No reversible error arose from the remarks of the prosecutor in argument. There was evidence that Key had sent $800 to Hawkins. The first prosecutor to argue referred to this as tending to show Hawkins' guilt. The defense argument was not made a part of the appellate record, but from succeeding remarks we may assume that defense counsel sought to explain the $800 as a repayment of $300 that Hawkins had obtained for Key by selling (or pawning) jewelry that Key had turned over to him. In further argument concerning Hawkins' guilt, the closing prosecutor said:


Oh, the Defense Counsel said, "Well, we don't know how much it was for those rings." — or some such business as that. How much was loaned? What testimony do you have from any source about any lending of any money? Three hundred dollars was mentioned. Three hundred dollars was delivered. Where is there testimony from any other source? There was a man that could have testified to it — his codefendant here. He took the stand. He could have testified as to what the true bargain was. What did he say about it? Nothing.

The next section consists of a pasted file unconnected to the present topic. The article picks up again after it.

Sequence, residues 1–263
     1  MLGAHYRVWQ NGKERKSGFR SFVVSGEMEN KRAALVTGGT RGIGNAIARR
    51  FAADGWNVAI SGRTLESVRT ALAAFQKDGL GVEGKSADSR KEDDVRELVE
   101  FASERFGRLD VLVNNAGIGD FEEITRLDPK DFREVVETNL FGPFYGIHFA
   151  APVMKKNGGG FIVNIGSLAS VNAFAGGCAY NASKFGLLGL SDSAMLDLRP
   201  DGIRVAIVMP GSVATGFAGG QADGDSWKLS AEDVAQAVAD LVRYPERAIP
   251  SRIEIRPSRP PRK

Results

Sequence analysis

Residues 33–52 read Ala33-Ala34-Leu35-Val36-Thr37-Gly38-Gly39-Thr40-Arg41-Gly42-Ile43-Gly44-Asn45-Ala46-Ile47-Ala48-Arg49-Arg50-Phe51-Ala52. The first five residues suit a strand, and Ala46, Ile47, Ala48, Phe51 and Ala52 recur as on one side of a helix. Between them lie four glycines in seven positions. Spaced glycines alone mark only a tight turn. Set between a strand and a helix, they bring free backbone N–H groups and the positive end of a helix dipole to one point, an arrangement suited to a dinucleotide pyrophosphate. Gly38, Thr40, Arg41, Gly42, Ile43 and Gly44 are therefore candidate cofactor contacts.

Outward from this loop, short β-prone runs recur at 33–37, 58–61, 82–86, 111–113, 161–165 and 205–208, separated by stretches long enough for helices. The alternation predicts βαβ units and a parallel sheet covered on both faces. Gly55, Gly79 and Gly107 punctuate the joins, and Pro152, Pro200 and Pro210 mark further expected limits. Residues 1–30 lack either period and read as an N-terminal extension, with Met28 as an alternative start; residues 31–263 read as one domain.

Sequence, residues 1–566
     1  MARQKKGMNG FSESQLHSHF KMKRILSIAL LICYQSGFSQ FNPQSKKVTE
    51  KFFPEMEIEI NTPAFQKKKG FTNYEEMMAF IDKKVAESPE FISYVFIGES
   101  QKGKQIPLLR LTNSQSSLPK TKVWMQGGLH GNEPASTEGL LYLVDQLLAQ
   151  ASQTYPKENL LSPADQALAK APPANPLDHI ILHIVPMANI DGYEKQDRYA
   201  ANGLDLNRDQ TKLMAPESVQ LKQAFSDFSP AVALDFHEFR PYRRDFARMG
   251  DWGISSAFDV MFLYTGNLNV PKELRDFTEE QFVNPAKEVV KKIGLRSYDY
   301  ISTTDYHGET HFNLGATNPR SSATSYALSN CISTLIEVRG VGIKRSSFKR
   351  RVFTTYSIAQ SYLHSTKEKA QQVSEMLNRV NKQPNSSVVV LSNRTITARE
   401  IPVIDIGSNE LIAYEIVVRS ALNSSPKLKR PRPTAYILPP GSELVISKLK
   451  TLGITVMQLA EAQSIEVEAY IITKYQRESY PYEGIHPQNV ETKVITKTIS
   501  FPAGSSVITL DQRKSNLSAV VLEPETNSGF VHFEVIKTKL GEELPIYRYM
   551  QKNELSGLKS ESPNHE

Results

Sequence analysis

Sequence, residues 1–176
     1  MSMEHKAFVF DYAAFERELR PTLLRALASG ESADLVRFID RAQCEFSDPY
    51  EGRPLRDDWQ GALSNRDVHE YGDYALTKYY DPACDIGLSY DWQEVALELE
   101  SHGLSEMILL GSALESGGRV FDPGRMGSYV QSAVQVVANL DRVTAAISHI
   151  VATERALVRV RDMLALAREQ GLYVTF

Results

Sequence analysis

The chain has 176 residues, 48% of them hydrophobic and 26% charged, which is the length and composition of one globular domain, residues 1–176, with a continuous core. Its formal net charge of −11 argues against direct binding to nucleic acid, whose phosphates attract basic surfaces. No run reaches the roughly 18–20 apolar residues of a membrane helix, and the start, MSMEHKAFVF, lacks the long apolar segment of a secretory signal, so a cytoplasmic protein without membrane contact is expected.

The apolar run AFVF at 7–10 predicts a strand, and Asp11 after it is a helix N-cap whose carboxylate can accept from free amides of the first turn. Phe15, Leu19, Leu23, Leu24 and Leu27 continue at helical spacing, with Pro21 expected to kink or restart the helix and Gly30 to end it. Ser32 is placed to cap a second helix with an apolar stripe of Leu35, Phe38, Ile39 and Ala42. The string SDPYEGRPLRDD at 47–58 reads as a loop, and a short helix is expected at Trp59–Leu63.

We agree with the trial court that the reference could not be construed as relating to Hawkins. After objection that the remark was a comment on Hawkins' failure to testify, the court gave the following cautionary instruction:

view counter

This is not the Court's view of what the prosecuting attorney said.


You know — I've explained to you before — that no inference can be drawn about the failure of the defendant to testify, and no such inference is to be drawn from what this man said — and this is not an attempt, in the Court's opinion, to do that. He's talking about what the Defendant Shelby, who did take the stand, did not say.


So, the objection will be overruled and the motion will be denied, with this instruction.